Musical Family Tree, a not-for-profit that promotes Indiana music, plans to launch a fund in March to supply money to artists as they build careers.
Based on the Canada Music Fund, a government initiative that’s assisted musicians such as Alanis Morissette and Shania Twain, the Musical Family Tree fund will help cover recording, equipment, touring and promotional expenses.
The target amount for the fund is $100,000, with $25,000 already committed.
“Finding success as an original musician has always been challenging in our community,” said Jeb Banner, founder of Musical Family Tree, in a statement announcing the fund. “But the returns of a vibrant music scene, to our culture and economy, are undeniable.”
Andy Duncan, Musical Family Tree’s chair, said the project aspires to push things forward for as many artists as possible, whether a new band needs merchandise to sell to fans or an established artist hires a publicist for the first time.
The likelihood of an applicant receiving funds is high, Duncan said.
“We’re looking for reasonable partnerships with artists who have reasonable requests,” said Duncan, a Greenwood native who has released four albums as Andy D.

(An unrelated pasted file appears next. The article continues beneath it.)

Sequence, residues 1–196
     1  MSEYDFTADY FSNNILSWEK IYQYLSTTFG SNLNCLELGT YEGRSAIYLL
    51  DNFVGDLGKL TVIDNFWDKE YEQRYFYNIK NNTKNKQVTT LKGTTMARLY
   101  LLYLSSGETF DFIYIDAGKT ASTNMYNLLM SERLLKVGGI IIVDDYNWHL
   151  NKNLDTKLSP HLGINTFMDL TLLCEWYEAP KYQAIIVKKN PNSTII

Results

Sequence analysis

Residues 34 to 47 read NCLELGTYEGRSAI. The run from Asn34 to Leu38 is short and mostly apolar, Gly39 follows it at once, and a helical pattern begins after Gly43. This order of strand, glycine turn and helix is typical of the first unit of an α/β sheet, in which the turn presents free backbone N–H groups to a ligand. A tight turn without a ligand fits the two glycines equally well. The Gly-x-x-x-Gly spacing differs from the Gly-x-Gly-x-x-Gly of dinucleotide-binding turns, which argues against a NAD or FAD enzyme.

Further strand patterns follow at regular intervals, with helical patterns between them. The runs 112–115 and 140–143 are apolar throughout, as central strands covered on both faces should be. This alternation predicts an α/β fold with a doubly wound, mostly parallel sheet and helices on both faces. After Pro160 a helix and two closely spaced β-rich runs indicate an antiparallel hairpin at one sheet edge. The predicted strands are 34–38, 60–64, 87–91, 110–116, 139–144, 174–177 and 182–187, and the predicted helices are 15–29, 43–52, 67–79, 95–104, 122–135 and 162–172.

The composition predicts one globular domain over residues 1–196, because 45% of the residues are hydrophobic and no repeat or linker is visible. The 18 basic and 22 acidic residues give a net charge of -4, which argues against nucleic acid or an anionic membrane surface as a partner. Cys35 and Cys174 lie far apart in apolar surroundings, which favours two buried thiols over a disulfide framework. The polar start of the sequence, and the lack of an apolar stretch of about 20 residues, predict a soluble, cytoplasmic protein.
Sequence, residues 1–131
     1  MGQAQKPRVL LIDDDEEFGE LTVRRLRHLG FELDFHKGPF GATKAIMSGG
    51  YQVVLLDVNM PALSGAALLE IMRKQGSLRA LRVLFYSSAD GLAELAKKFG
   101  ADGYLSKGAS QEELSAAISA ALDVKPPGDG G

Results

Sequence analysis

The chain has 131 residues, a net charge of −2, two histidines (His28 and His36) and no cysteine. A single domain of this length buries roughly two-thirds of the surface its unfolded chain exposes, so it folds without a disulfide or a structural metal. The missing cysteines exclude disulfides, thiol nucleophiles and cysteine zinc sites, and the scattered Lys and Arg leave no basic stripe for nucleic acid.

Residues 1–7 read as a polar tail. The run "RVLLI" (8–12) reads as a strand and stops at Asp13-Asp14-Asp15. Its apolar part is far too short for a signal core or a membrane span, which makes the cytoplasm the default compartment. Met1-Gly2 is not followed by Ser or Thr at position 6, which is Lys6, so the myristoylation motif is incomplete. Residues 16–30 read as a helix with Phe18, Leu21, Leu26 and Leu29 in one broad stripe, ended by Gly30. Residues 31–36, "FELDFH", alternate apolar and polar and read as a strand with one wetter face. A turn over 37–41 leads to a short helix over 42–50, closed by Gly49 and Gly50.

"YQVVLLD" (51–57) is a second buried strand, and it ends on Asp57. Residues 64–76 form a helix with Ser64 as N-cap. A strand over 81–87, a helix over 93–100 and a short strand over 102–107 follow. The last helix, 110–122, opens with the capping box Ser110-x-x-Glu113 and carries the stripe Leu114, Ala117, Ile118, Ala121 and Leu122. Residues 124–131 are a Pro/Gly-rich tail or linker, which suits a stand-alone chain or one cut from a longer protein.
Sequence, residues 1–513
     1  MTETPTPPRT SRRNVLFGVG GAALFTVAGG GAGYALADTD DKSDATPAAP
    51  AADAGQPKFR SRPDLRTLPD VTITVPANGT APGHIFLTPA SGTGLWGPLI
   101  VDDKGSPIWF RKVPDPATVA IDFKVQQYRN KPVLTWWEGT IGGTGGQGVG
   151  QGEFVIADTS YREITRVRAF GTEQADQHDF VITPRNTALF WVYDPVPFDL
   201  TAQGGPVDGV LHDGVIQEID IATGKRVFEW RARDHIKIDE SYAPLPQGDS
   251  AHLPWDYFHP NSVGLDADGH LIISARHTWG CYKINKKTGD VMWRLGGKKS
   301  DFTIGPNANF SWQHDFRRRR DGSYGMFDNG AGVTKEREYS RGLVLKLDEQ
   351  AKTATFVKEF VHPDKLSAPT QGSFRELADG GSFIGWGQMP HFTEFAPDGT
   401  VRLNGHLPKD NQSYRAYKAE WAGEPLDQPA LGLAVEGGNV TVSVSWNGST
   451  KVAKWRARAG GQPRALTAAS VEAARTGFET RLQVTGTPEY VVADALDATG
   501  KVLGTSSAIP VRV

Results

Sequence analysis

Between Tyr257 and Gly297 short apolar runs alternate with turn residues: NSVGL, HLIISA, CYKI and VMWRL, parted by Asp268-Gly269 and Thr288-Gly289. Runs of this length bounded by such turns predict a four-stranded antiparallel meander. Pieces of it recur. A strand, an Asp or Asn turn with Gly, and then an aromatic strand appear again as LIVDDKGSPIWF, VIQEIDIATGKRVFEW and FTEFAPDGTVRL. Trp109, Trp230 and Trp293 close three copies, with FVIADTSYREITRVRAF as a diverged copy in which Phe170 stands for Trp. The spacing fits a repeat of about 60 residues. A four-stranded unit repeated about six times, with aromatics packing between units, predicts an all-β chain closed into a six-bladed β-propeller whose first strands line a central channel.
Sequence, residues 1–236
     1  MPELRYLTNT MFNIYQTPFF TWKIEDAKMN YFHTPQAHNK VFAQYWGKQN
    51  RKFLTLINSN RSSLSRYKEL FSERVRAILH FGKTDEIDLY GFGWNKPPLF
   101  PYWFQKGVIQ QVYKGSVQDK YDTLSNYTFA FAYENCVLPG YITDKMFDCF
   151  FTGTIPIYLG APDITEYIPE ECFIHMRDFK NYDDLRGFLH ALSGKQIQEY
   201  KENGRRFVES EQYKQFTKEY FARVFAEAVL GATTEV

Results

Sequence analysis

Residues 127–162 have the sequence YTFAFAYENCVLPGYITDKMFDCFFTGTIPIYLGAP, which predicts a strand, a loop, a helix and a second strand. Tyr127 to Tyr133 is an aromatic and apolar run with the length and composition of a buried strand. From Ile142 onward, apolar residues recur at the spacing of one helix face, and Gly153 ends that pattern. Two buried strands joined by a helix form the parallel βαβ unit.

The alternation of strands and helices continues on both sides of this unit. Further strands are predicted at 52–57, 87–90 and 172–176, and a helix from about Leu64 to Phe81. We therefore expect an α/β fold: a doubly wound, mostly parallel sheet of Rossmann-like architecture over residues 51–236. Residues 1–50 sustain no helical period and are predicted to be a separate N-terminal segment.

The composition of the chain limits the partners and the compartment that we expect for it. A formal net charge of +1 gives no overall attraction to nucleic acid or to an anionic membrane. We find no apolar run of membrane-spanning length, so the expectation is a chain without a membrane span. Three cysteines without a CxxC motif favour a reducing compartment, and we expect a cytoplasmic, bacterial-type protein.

The panel that reviews requests will be made up of a mix of stakeholders, Duncan said, including funders, Musical Family Tree board members and musicians.
When applications are opened in 2023, Duncan said people seeking assistance should expect the opposite of an intimidating request process.
“The idea is to make it as low of a bar of entry as possible,” Duncan said. “If not ‘no questions asked,’ very few questions asked.”
Duncan recalled applying to an unnamed arts organization about a decade ago for support to record and manufacture an album. He said he received positive feedback during an in-person presentation, but his bid for $2,000 proved to be fruitless.
“For whatever reason, I wasn’t chosen,” he said. “That really stuck with me.”
If “Andy D” was an outsider in that situation, Duncan said he’s optimistic about about the Musical Family Tree process because of the organization’s sole focus on music.
“If someone is denied [funding from the new grant], it won’t be the end of the conversation,” Duncan said. “It would be the start of one.”
During his tenure at Musical Family Tree, Duncan started an educational program to share information about topics such as DIY touring. He said it’s important to empower fellow artists and encourage them to accomplish more than they may expect is possible.
Founded in 2004, Musical Family Tree is creating a fund in line with a philosophy outlined by the Indy Music Strategy. Published in 2021, the Indy Music Strategy emphasized the returns that are possible when money is invested in the city’s music industry.
“There’s an economic impact as well as a social and cultural one,” Duncan said.
All donations to the fund are tax deductible. Potential donors are encouraged to email Adam Fonacier, Musical Family Tree’s administrator, at email@example.com.